Spring/Summer 2013 Of Note

July, 2013

A PSU student, an English professor, and the region’s economic development agency were honored by the Campus Compact for New Hampshire (CCNH) at its annual Presidents’ Awards presentation. CCNH is a statewide consortium of college and university presidents dedicated to advancing the civic purposes of higher education.

Chelsea Desrochers ’13 was honored with the President’s Leadership Award, which recognizes students who have made outstanding contributions to civic engagement. Desrochers is the president of PSU’s Habitat for Humanity chapter, oversaw student volunteers for PSU’s Alternative Spring Break, has done service projects in the US and in countries such as Nicaragua, and is vice president of the Student Support Foundation. She was also named a 2013 Newman Civic Fellow, a recognition given to college students who have demonstrated an investment in finding solutions for challenges facing communities throughout the country.

Robin DeRosa, a PSU English professor and student advisor, received the Good Steward Award, which recognizes faculty or staff members who contribute professional expertise in service to the wider community. DeRosa received PSU’s Faculty Advising Award in 2011, is a distinguished and widely published scholar in her field, and was the Theo Kalikow Award winner in 2008 for her service to women’s issues. She currently serves on the board of directors for Voices Against Violence, a regional domestic violence counseling organization that provides information and support regarding all aspects of domestic and sexual violence.

The Grafton County Economic Development Council (GCEDC) received the President’s Community Partner Award, which is presented to a nonprofit organization that has enhanced the quality of life in the community in meaningful and measurable ways and engaged in the development of sustained, reciprocal partnerships with a college or university.

“Each of these awards represents people who are a force for good in our region, people of whom we are proud,” President Steen said.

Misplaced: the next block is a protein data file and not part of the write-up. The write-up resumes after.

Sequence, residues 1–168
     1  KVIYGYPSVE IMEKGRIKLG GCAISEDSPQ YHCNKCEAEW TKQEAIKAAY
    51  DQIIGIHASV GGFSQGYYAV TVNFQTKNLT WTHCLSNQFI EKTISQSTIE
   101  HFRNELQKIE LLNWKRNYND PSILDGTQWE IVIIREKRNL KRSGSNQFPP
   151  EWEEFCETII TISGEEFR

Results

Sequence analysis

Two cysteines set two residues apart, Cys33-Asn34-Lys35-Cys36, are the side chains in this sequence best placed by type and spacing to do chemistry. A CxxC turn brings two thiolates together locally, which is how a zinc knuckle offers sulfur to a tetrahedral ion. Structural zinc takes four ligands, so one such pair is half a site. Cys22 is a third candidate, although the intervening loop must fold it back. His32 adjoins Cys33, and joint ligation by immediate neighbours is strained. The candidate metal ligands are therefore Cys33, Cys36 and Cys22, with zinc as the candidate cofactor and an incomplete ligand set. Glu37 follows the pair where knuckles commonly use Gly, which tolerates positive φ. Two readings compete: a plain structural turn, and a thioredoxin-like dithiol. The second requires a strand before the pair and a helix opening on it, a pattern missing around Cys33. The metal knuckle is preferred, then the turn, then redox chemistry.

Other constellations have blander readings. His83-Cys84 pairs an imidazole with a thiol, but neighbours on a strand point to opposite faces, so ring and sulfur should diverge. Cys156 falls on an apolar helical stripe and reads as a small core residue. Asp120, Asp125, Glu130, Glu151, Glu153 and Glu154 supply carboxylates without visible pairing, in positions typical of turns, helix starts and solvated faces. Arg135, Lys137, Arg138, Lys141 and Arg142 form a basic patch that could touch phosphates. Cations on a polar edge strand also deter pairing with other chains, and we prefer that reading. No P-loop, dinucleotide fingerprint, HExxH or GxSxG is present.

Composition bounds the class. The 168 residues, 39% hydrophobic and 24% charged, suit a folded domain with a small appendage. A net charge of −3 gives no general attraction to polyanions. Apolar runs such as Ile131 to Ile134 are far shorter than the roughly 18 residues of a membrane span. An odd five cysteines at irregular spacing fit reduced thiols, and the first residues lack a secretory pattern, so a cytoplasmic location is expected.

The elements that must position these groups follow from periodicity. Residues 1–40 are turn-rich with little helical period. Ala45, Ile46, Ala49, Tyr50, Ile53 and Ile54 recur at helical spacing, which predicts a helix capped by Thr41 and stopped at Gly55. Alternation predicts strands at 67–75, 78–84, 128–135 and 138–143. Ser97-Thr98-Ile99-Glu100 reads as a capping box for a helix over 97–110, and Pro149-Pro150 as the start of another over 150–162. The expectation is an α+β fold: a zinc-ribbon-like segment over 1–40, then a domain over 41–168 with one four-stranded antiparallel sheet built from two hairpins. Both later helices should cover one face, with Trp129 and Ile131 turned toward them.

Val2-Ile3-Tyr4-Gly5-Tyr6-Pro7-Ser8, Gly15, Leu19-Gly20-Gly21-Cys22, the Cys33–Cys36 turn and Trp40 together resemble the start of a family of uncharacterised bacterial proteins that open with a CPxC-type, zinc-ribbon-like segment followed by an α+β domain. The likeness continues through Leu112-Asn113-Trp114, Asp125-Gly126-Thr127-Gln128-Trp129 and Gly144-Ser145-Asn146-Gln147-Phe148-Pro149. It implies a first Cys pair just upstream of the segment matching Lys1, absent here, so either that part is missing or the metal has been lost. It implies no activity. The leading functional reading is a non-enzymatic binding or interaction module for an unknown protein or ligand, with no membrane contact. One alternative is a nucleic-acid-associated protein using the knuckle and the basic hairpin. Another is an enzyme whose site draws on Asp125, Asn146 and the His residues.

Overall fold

The beauty of New Hampshire’s White Mountains was the backdrop for the unveiling of the new state quarter at a February 21 event in PSU’s Silver Center, sponsored by the US Mint and the US Forest Service.

More than 300 local elementary school children attended the event, as well as US Mint acting director Richard A. Peterson, Governor Maggie Hassan, Congresswoman Annie Kuster, and US Forest Service Supervisor Tom Wagner. “This coin is a national recognition of the treasure that we have in the White Mountains,” President Steen said at the unveiling. “It celebrates the beauty and grandeur of New Hampshire; it says something significant to the nation.”

With so many treasures housed in PSU’s Museum of the White Mountains, which opened to the public in February, it can be hard for visitors to pick a favorite. But as museum director Catherine Amidon notes, there is one piece that’s particularly popular with visitors of all ages: a replica of a Concord coach, the Nancy Flyer (below). Measuring 34″ high, 48″ long, and 28″ wide, the diminutive, painstakingly detailed coach is perfectly situated in the center of the museum, and is frequently the center of attention. To see the Nancy Flyer and a host of other White Mountains treasures in person, visit the Museum of the White Mountains on campus at 34 Highland Street.